By Gary Herron
Ty would have gotten a chuckle out of this: Two senior citizens, coming across some of his memorabilia, are trying to sell it to help provide food and other essentials for their horses.
Ty, if you haven’t guessed (even though he’s a frequent subject on this website), is Ty Cobb, a baseball legend. He was also an outdoorsman who loved to hunt and probably rode a horse or two in his lifetime (1886-1961).
It turns out an aunt of his, Nora Cobb Spencer, had a daughter, Grace, who lived in Rio Rancho, N.M., across the Rio Grande from Albuquerque. Rio Rancho is the state’s third-largest city. Former big leaguers John Roskos and Brendan Donnelly have called it home, and current Boston Red Sox catcher Blake Swihart grew up there.
And that’s how Ann Marie (not her real name; she wishes to remain anonymous) wound up with the Cobb items, which include a letter written and mailed to Nora on May 5, 1952, detailing the medical condition of Cobb’s son, Ty Jr. The letter was written with a fountain pen, using green ink – almost everything Cobb signed was in green ink, and at the end, merely signed, “Ty.” She also has the envelope, with its postmark and 6-cent airmail stamp, addressed to Nora in Cobb’s handwriting.
Author Charles Leerhsen, in his 2015 biography of the baseball Hall of Famer (Ty Cobb: A Terrible Beauty), tells how Ty Jr. attended medical school as an OB/GYN and set up a practice in Dublin, Ga. But Ty Jr. was diagnosed with a brain tumor in 1951 and passed away in September 1952, at the age of 42, barely four months after the letter Ann Marie has was penned.
“They were very close,” Ann Marie learned of the relationship between Ty and his aunt, Nora.
She knows a lot of less-than-flattering things have been written about Cobb, and says, “This letter shows another side of him.”
In Leerhsen’s book, he describes how Nora “would drive him in a horse-drawn buggy to the equivalent of Little League games around Murphy (N.C., where Nora was still living when Cobb wrote to her in 1952), where the preference was still for town ball,” and how, in his 1961 autobiography, Cobb recalled being hit by a thrown baseball and “awoke moments later with his head in Aunt Nora’s lap and her handkerchief in his ear to staunch the blood flow.”
Somehow, Grace “didn’t even know she had these; they were in a box under her bed” and missed the significance of being a Cobb. She was living in Rio Rancho when Ann Marie, a New Orleans native moving here, saw an ad in the Rio Rancho Observer in 1995 seeking a roommate.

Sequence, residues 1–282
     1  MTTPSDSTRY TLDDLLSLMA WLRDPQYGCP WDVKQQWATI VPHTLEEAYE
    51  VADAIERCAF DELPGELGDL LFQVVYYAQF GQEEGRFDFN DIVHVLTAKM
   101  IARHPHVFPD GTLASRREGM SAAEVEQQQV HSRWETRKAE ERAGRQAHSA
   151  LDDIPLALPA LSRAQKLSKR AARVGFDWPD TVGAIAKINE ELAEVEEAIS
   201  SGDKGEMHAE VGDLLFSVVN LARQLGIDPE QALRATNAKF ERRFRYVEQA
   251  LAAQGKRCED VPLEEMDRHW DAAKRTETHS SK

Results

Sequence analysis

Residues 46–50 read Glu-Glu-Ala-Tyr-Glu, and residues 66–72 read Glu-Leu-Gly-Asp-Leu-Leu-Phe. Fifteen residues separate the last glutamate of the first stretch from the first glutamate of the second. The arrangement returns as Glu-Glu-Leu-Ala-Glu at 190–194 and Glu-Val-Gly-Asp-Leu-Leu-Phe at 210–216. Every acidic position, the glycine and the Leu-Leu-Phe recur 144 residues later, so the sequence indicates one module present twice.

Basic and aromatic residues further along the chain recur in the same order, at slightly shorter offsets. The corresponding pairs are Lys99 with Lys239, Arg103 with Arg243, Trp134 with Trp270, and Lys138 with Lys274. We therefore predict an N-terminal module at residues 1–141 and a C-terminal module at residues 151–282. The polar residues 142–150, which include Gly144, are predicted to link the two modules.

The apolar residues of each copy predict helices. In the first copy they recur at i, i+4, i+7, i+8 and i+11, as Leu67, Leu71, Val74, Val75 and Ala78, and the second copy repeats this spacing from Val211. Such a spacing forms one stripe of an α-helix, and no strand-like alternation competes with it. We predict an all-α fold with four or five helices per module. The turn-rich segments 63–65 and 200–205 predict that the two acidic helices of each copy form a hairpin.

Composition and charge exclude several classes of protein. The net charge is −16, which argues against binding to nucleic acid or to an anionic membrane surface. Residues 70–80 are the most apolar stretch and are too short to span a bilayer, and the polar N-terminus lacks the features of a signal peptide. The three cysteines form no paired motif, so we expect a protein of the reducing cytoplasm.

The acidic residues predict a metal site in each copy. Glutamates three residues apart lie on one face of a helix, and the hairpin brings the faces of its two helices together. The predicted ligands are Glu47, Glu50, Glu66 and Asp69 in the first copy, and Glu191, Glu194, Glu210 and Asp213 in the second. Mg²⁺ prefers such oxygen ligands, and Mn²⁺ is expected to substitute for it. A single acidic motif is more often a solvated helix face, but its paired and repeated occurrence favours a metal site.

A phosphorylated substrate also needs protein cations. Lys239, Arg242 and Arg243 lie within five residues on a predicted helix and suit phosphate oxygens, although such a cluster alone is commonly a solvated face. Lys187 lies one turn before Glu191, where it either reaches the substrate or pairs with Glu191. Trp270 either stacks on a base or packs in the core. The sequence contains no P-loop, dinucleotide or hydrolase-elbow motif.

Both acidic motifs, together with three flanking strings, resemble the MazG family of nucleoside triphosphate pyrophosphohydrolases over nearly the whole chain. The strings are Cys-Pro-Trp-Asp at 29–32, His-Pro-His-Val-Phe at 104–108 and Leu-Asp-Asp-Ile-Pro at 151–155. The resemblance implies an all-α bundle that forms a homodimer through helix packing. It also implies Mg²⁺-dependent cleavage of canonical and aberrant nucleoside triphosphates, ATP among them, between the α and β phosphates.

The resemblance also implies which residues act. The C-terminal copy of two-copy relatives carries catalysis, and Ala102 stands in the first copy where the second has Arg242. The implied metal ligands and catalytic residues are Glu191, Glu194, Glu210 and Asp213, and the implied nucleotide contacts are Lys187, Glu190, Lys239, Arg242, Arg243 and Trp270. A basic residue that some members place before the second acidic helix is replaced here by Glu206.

“She had clear, blue, beautiful eyes,” Ann Marie, a former Intel employee, recalled of her roommate friend, who she lived with for about nine years before moving out, and then moving back in a few years later.
“In 2006, I bought a house and moved to Placitas,” she said. (Placitas, a rural community in the foothills of the Sandia Mountains, is north of Albuquerque.)
Later, Grace was in failing health and moved to an elderly care facility in Albuquerque, where she passed away about two years ago at the age of 87.
“She may have fallen out of bed, and died of a heart attack,” Ann Marie said. “Eight days later, I was notified (of her death) by the coroner.”
She was mystified by the time delay, in that her name was prominent as the point of contact for Grace at the facility.
“Grace said, ‘Just cremate me,’ but you can’t do that – you have to have a family (member oversee that),” Ann Marie said. “I was furious.”
Grace left her possessions to her longtime friend, Ann Marie.
“When I first got all this stuff, I called the (Ty Cobb) museum in Royston, Ga.,” she said. “The lady was very cold to me, said I needed to get in touch with the Cobb family.”
Ann Marie said she also struck out with the Baseball Hall of Fame in Cooperstown, N.Y., when she sought interest in the memorabilia, which includes a small book, “Musings from the Old Cobb Homestead,” by Nora Cobb Spencer, plus some photos and letters written by Cobb.
A longtime baseball fan – and finding little apparent interest in what she now owns – Ann Marie knew she had something valuable, and has done her homework online, seeing what Cobb autographs are going for.
“I want to sell it,” she said.
For the impressive collection, Ann Marie is asking $2,500.
She can be reached at (505) 917-8732 for more information or to make a legitimate offer.
Those mustangs and other horses will be appreciative, you can bet.
Gary Herron is a freelance contributor to SCD. He can be reached at email@example.com.